Currently, in California, you may apply in person for a Carry Concealed Weapon (CCW) license at the Sheriff’s Office in the county in which you reside. However, before you can apply for a CCW license, you need to finish a specific training course as instructed by your Sheriff’s Office. Also, in some countries you may be required to undergo a psychological test to determine the state of your moral character. You may then revisit the Sheriff’s Office to finish and turn in the CCW application. If you have a CCW license from another state, you’re required to apply for a new CCW license specifically for the state of California.
However, there may be some significant changes to the law in the near future as the 9th U.S. Circuit Court of Appeals has recently reconsidered challenges to regulations in San Diego and Yolo Counties:
“SAN FRANCISCO — A federal appeals court offered few clues Tuesday as to whether it plans to leave California’s strict concealed carry regulations intact, keeping their guns pretty much holstered during key arguments here in a closely watched gun rights legal showdown.
However, several members of a special 11-judge panel of the 9th U.S. Circuit Court of Appeals signaled that they are inclined to uphold the ability of counties to continue to place restrictions on gun owners to carry concealed weapons in public, despite objections that those rules may trample on Second Amendment rights.”
Oral Arguments – Consolidated Cases of Peruta v. County of San Diego and Richards v. County of Yolo – 9th U.S. Circuit Court of Appeals
Video recording of the oral arguments that the 9th U.S. Circuit Court of Appeals heard on June 16, 2015 in the Peruda and Yolo cases:
California law currently allows Police Chiefs and County Sheriffs to issue a license to carry a concealed firearm if the following requirements are met  :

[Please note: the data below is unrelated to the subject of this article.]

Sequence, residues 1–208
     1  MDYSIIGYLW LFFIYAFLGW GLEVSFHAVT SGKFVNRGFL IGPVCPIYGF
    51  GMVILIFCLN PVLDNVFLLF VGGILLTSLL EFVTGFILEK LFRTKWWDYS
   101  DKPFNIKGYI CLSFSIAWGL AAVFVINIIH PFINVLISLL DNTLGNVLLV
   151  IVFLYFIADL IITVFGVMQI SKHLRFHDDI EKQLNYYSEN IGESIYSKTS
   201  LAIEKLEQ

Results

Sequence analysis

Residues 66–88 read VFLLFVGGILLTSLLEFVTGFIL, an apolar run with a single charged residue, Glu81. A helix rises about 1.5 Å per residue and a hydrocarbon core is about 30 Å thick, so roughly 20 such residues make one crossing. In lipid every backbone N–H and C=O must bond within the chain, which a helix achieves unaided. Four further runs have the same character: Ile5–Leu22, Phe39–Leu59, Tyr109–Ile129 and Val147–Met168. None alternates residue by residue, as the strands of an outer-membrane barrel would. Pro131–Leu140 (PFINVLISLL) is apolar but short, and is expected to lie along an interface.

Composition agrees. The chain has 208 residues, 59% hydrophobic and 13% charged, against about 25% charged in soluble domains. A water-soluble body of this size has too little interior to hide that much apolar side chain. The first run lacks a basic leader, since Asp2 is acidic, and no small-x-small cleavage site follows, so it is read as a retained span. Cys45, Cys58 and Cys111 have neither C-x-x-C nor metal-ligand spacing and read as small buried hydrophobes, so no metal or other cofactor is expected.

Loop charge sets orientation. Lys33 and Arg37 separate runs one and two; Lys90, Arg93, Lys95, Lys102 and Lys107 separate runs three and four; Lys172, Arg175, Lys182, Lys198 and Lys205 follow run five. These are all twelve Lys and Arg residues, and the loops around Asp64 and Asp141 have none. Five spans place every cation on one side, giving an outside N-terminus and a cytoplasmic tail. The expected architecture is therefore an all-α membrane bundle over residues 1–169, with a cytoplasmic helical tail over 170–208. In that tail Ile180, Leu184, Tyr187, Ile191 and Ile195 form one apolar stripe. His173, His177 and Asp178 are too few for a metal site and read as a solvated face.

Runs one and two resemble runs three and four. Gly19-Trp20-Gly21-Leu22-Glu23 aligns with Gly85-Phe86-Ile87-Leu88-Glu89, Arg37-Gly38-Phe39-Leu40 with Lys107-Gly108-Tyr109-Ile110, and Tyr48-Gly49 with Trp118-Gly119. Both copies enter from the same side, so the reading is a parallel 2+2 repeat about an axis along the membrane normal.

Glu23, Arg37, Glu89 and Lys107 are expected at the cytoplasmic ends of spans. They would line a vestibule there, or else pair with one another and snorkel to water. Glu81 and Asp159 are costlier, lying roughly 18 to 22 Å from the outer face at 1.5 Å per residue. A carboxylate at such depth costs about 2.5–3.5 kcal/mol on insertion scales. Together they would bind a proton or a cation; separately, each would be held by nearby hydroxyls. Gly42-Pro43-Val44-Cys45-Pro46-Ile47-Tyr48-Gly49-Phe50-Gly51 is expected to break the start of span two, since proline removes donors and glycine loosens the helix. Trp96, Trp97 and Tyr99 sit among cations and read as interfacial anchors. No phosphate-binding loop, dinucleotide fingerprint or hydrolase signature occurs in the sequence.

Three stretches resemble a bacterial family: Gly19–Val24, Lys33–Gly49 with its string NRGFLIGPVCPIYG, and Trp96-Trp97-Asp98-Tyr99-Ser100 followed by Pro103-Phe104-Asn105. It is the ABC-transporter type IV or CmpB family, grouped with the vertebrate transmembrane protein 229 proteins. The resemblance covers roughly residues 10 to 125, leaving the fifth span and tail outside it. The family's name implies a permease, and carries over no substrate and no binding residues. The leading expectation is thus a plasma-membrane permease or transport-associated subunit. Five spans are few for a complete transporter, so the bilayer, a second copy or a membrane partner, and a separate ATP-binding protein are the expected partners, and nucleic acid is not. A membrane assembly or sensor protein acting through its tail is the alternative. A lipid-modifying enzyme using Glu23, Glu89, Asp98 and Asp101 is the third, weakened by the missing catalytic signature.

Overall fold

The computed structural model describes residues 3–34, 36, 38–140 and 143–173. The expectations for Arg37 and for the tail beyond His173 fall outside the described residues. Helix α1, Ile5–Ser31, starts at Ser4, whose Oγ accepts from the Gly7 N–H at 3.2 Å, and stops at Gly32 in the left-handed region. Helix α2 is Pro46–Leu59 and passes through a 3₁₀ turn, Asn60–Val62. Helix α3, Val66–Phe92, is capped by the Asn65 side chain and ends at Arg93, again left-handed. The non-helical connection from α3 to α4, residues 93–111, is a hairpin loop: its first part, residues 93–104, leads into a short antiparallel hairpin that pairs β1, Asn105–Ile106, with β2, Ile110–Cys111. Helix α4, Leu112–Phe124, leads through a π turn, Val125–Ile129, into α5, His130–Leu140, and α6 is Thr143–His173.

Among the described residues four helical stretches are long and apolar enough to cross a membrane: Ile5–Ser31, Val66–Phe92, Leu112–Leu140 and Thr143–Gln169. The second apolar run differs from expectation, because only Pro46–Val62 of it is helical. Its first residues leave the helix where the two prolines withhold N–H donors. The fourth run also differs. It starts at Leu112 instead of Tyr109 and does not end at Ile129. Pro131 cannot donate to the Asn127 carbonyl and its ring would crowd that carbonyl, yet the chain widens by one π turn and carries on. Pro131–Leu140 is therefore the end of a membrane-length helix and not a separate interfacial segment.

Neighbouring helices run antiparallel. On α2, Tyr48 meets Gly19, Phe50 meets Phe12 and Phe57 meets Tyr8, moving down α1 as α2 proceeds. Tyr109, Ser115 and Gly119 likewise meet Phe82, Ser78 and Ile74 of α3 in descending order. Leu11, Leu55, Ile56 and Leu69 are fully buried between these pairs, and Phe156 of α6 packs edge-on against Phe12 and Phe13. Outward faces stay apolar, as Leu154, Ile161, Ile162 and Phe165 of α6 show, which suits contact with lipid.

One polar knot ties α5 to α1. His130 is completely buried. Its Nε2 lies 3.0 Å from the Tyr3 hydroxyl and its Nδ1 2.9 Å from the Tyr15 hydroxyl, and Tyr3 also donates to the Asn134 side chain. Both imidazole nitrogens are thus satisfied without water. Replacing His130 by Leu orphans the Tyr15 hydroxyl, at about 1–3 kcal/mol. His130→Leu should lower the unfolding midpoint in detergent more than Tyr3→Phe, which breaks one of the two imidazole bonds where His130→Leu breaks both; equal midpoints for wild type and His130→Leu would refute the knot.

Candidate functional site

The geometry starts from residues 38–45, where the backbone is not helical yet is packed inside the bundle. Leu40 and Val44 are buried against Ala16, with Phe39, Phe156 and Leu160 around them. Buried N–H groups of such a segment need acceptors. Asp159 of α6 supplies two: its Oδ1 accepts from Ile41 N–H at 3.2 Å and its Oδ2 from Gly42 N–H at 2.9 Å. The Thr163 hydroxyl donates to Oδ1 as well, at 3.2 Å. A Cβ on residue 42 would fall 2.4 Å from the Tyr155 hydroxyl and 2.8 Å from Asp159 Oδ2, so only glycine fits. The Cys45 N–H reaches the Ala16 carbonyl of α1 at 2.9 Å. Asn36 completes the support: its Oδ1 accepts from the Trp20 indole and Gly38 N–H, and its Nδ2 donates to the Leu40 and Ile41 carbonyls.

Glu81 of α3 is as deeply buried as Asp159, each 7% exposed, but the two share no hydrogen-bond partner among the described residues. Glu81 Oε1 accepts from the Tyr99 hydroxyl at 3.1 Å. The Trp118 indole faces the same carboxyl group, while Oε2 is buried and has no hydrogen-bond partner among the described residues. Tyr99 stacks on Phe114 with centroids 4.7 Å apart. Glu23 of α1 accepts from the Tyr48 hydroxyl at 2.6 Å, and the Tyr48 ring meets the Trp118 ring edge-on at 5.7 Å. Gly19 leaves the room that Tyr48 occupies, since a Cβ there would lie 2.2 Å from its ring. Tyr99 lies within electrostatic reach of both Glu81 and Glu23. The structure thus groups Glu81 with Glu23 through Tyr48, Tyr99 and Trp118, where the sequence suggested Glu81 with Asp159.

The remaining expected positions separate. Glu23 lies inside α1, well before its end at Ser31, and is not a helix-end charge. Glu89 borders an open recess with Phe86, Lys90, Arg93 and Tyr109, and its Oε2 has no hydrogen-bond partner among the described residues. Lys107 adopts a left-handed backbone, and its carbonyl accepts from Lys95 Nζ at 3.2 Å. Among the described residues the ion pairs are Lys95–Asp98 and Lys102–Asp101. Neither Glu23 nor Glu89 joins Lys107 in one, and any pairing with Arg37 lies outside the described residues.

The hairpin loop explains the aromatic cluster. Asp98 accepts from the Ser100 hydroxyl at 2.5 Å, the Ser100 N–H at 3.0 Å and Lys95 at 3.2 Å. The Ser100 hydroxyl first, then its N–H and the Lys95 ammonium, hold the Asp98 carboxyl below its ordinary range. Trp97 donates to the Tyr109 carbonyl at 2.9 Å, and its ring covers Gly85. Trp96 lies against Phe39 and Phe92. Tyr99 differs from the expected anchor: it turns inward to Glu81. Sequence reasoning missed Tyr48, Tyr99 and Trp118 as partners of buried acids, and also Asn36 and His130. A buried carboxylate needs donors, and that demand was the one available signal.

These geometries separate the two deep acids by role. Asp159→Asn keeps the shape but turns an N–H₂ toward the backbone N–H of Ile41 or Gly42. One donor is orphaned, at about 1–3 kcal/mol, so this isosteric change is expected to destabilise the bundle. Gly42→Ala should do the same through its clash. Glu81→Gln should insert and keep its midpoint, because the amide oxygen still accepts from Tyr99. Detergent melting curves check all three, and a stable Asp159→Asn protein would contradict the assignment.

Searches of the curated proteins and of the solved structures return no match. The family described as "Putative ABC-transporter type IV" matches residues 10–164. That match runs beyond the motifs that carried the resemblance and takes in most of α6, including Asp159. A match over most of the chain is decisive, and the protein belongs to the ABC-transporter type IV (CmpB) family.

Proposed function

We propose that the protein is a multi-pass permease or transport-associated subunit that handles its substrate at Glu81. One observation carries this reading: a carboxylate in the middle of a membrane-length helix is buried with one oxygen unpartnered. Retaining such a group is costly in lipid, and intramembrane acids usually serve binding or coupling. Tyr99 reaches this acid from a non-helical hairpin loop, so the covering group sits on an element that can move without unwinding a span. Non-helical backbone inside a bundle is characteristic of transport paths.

1. Upon proof that the person applying is of good moral character.
2. That good cause exists for the issuance.
3. The applicant is a resident of the county or city to which they are applying (or the applicant’s place of employment is within the city or county).
4. The applicant has completed a course of training (16-24 hours).
The Steps You Must Take to Get a CCW in California
Step 1 – Contact your county Sheriff’s Office.
This will allow you to receive more information about the training courses and other tests you’re required to take in your jurisdiction to receive the CCW license.
Visit the “California Counties” web page below to access website links for each county within the state of California:
Scroll down until you have located your county, click on the website link for the county you’re interested in. Then search for and click on the link for “Sheriff” or “Sheriff’s Department” on that particular county’s website to find the contact information for the Sheriff’s office.
Call or email that county’s Sheriff’s Office to obtain information about required tests and training courses to receive the CCW license. You may also find the contact information for your county Sheriff’s Office in your local phone book, or you may simply go to the Sheriff’s Office in person.
Step 2 – Attend a training course.
The fees and length of the training course will vary depending on the requirements for your jurisdiction. After you’ve finished the training course, you will receive a completion certificate to present to the Sheriff’s Office. Most courses will not go beyond a total of 16 hours.
Step 3 – Attend the psychological test.
Some counties require you to take a psychological test to determine your moral character and judgment, and you may be asked to finish more than one test. If your county requires you to take a psychological test, you will also have to be for the testing fee.
Step 4 – Complete the CCW license application.
- Complete the CCW license application. A copy of the California CCW can be obtained online; however, some sections of the form are required be filled out in person in front of a witness at the Sheriff’s Office. To view or print a copy of the CCW application online, click on the “Standard California CCW Application” link provided in the Sources section at the bottom of this page.